The holidays are one of my favorite times of the year. Eggnog pie is one of my favorites. As anything eggnog is something I enjoy during the Christmas and New Years’ time of the year. When I was younger I would make homemade eggnog each year for Christmas eve. Then, when I was an adult I figured out that it was more expensive to make it than it was to purchase it already made. Make sure you enjoy this delicious crumble pie this holiday season.
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The History Behind Eggnog
Eggnog is historically known (when alcoholic beverages are added) as milk punch or egg milk punch. It is a creamy, refridgerated, sweetened, dairy-based drink. It is normally made with milk, cream, sugar, egg whites that are whipped, and the egg yolks (which gives it a thicker texture and its name). Sometimes brandy, rum, whisky, or bourbon are added to the drink for an alcoholic choice.
All over Canada and the US, eggnog is normally enjoyable over the Christmas season and into the New Year celebration. Ponche Crema is made and drank in Venezuela and Trinidad since the 1900s, also as part of the holiday times. During this time, factory prepared eggnog is sold in grocery stores in these countries.
Eggnog can also be homemade using milk, sugar, eggs, and rum type flavorings served with spices such as nutmeg or cinnamon. While eggnog is often served cold, in some cases, it is warmed, particularly on cold days. Just like the way mulled wine is served warm in the fall or early holiday seasons. Eggnog or eggnog flavoring may also be used in other drinks, such as lattes, milkshakes, tea, or dessert foods egg-custard puddings.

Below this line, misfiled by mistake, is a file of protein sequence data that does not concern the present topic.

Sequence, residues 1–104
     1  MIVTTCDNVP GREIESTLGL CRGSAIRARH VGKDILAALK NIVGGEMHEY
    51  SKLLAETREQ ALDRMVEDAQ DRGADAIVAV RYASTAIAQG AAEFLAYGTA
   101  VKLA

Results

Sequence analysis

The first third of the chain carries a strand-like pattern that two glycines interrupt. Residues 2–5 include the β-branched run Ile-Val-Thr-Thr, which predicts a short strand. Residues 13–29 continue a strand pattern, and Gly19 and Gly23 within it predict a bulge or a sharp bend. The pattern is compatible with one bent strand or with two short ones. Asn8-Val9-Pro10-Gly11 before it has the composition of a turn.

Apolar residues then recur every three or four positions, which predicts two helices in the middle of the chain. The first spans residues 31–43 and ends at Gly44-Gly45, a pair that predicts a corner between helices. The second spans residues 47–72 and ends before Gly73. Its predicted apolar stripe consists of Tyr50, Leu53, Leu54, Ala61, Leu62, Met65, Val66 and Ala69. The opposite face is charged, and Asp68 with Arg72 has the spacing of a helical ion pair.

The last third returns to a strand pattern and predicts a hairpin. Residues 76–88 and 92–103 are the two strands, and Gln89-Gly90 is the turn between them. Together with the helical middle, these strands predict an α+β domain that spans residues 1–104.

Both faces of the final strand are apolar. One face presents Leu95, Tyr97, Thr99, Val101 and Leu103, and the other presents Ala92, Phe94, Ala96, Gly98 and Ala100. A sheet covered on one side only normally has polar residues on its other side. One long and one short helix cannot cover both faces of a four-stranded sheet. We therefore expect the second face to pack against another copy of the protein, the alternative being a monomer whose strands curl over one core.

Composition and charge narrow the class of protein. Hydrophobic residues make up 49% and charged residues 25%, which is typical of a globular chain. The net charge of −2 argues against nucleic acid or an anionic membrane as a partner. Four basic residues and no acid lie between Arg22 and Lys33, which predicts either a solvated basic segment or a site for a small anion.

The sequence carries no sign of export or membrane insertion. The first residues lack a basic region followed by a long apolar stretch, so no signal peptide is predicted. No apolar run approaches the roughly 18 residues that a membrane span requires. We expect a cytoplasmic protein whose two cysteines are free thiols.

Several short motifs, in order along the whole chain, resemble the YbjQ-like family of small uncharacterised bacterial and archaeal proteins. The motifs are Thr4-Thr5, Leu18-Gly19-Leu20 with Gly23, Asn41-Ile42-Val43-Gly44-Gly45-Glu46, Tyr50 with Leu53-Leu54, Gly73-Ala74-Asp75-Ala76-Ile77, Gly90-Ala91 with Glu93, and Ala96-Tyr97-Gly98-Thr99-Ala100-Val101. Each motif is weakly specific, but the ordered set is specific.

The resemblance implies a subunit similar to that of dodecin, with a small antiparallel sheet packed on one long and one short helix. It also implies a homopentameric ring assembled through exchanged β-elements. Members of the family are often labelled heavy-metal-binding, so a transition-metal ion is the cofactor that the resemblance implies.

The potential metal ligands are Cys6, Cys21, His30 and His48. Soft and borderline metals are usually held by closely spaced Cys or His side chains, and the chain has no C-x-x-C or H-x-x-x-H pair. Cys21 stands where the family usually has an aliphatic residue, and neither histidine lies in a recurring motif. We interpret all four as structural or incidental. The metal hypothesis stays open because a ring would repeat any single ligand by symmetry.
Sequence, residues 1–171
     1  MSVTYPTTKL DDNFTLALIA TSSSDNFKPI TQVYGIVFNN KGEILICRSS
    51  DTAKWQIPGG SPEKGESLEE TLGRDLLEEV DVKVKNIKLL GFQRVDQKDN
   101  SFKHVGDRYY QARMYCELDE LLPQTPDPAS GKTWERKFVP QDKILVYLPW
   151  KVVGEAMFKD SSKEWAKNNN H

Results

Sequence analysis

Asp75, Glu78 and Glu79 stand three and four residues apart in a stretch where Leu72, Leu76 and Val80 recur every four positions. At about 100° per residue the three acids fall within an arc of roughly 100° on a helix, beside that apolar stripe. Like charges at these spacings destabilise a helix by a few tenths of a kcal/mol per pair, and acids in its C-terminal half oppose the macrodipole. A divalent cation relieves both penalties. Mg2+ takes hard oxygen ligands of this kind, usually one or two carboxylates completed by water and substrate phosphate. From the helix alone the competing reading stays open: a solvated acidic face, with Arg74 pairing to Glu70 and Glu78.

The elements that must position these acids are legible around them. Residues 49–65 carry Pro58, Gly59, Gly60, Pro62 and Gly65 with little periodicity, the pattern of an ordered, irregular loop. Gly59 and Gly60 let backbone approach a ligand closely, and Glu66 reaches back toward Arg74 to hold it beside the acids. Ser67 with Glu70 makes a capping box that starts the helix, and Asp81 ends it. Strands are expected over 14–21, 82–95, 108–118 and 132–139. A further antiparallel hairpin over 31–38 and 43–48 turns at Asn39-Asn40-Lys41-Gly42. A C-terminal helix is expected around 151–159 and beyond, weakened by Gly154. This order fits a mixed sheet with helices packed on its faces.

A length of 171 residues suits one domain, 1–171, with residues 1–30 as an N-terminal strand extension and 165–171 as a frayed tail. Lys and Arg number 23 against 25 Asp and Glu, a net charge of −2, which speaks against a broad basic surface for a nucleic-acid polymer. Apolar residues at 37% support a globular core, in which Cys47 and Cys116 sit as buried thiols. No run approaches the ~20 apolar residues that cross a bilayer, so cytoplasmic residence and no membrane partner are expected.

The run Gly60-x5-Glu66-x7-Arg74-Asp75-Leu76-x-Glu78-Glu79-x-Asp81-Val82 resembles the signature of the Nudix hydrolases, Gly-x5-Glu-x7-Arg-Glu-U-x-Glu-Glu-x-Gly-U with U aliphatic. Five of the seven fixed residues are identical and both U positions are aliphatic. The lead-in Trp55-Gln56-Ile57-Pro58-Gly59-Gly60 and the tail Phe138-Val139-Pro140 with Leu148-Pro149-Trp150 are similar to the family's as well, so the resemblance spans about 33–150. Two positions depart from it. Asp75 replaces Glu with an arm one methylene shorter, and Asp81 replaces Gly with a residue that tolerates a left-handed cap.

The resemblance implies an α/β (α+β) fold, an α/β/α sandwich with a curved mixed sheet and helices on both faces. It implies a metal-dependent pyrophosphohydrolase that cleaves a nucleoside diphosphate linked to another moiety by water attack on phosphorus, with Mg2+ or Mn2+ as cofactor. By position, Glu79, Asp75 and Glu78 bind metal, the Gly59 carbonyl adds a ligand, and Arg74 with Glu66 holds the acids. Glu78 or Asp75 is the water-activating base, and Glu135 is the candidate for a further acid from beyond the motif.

Culinary Historians and The Eggnog Debate
While culinary historians debate its exact background, most agree eggnog came from the medieval” British drink called posset, which was made with hot curdled milk with wine or ale and flavored with spices. In the Middle Ages, posset was used for colds the flu as an antidote. Posset was popular from medieval times to the 19th century. Eggs were added to some posset recipes; according to Time magazine, by the “13th century, monks were known to drink a posset with figs and eggs.” A 17th-century recipe for “My Lord of Carlisle’s Sack-Posset” uses a heated mixture of cream, whole cinnamon, nutmeg, mace, eighteen egg yolks, eight egg whites, and one pint of Sack wine which is kind of like sherry. In the end, sugar, resin, and animal musk are stirred in. Posset was normally served in two-handled pots. The aristocracy had costly posset pots made of silver.
Eggnog Pie with Gingerbread Crumble
- 1 refrigerated pie crust
- ½ cup granulated sugar
- ¼ cup cornstarch
- 2 cups eggnog
- ½ cup unsalted butter, cubed
- 1 tsp rum extract
- ½ tsp nutmeg
- 15 Gingersnap cookies
- ½ cup flour
- ⅓ cup brown sugar
- ⅓ cup oats
- 1 tsp cinnamon
- ½ cup cold butter
- Preheat the oven to 375 degrees.
- In a small saucepan add the sugar and cornstarch.
- Stir to combine.
- Whisk in the eggnog until smooth.
- Bring the mixture to a low boil.
- Reduce the heat and cook for 2 minutes.
- Stirring constantly
- Remove the saucepan from the heat; add in the butter and extract.
- Stir until the butter is melted and smooth.
- Pour the pie mixture into the pie crust.
- Bake for 20-25 minutes.
- In a medium bowl, add the gingersnaps, flour, sugar, oats, and cinnamon.
- Stir to combine.
- Add your chopped butter to your mixture.
- Using your hands combine the butter with the mixture.
- Make sure there are no chunks of butter and its small crumbs.
- Add the crumble on top of the pie and bake for another 5 minutes.
- Remove from the oven and allow to cool.
Enjoy these dessert recipes too while you are here.
- Easy Homemade Gingerbread Sheet Cake Recipe
- Magical Cranberry Dark Chocolate Bars
- Grinch Cocoa Bombs- Cindy Lou Who’s Favorite